Serbia may replace its import ban on genetically modified foods with European Union-style restrictions on the “unpopular products” as it seeks to join the World Trade Organization without angering consumers.
The Balkan country was waited to join the WTO more than eight years, with its blanket ban on gene-altered products acting as a key obstacle to entry, Deputy Trade Minister Bojana Todorovic told a business forum in Belgrade today. Serbia needs to comply with WTO rules that forbid an outright ban on any product without having scientific proof it’s unsafe or “risk isolation from the essential trade organization,” she said.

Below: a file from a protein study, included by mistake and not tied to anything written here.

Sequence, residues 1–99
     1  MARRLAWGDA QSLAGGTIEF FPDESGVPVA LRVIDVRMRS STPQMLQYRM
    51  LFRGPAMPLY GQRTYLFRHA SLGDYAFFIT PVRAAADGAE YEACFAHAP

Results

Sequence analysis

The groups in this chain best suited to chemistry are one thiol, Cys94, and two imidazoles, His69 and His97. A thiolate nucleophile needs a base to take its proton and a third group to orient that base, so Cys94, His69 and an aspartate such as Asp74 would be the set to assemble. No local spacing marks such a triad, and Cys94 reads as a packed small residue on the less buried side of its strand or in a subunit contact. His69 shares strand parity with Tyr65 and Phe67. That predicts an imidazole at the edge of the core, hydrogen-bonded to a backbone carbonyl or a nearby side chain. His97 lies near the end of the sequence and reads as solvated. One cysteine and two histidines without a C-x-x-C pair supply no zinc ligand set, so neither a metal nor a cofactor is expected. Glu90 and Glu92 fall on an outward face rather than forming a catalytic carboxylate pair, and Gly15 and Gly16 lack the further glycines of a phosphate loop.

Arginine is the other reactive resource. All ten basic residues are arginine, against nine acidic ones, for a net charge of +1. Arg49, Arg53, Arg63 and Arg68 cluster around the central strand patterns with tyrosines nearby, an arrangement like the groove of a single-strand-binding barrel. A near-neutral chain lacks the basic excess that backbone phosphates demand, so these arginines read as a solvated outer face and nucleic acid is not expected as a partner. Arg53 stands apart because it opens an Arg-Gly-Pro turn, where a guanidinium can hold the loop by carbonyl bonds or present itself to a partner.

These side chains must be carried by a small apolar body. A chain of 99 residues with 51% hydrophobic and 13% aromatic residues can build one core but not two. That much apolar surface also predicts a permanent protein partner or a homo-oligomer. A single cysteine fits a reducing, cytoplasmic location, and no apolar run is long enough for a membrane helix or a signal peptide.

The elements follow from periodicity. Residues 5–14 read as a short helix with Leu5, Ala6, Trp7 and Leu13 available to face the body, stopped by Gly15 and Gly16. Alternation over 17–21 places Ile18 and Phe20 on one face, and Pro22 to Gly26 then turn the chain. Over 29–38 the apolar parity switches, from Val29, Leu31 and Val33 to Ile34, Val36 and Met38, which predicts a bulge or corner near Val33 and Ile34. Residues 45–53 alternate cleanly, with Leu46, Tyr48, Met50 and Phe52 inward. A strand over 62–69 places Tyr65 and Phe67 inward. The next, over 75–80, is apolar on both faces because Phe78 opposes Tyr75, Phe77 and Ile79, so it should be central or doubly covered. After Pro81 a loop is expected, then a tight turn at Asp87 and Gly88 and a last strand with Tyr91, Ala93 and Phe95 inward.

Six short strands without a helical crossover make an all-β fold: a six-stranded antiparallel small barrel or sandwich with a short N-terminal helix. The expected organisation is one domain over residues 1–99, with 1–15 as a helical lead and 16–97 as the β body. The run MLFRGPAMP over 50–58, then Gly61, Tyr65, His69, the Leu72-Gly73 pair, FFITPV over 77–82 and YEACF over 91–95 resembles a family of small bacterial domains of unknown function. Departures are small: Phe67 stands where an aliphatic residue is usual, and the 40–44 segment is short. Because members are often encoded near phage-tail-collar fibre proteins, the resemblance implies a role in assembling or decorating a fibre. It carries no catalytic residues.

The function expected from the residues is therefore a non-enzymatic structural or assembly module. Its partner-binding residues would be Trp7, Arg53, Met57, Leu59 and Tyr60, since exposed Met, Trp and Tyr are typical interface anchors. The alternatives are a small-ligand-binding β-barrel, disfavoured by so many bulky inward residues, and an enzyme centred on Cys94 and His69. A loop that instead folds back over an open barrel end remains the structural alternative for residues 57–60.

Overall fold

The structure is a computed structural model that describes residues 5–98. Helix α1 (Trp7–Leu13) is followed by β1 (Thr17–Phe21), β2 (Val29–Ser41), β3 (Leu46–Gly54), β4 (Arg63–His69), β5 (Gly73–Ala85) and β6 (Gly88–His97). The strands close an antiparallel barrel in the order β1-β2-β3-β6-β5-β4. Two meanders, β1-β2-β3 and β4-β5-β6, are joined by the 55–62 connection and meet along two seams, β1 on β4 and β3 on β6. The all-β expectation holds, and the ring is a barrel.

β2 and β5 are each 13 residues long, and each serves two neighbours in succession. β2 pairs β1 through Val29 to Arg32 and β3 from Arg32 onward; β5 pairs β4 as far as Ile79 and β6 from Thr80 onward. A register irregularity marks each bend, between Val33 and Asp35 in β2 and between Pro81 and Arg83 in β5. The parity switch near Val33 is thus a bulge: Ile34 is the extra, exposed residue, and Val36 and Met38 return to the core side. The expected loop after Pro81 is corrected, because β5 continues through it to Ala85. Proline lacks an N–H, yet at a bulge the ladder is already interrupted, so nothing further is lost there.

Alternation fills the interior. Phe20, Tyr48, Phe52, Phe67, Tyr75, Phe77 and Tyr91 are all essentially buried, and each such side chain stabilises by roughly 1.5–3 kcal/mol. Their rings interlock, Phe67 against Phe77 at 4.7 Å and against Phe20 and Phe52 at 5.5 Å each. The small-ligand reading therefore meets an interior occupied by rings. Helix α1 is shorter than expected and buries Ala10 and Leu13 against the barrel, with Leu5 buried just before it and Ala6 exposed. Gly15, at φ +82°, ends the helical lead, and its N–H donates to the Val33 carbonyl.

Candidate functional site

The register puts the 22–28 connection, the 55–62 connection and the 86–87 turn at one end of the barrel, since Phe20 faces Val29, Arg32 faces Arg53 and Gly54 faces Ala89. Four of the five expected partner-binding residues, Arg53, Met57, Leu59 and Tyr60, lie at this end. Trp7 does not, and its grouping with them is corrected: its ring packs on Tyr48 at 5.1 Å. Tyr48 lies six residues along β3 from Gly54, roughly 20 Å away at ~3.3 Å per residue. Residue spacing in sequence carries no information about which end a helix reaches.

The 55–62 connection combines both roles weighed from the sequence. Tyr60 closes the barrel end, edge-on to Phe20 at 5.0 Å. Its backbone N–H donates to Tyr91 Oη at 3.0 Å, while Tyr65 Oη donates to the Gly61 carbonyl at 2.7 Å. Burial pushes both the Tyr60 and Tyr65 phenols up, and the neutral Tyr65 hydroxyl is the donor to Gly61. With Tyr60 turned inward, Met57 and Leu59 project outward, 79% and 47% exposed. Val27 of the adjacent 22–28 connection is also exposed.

“Serbia can solve this by adopting regulations like those in the EU where such products are also very unpopular and need lengthy certification procedures and strict labeling,” Todorovic said. “We need to harmonize our laws with the EU anyway, so if we deal with this the way the EU does, we’ll stay protected.”
Serbia has completed multilateral talks for WTO membership and 12 bilateral agreements with members that required them, while it still needs to conclude trade arrangements with the U.S., Ukraine, Brazil, India and the Dominican Republic.
The government hopes to complete them this year, including with Ukraine, which made an “incredibly huge request” for having free access to the Serbian market for its steel, agriculture and other products, Todorovic said.
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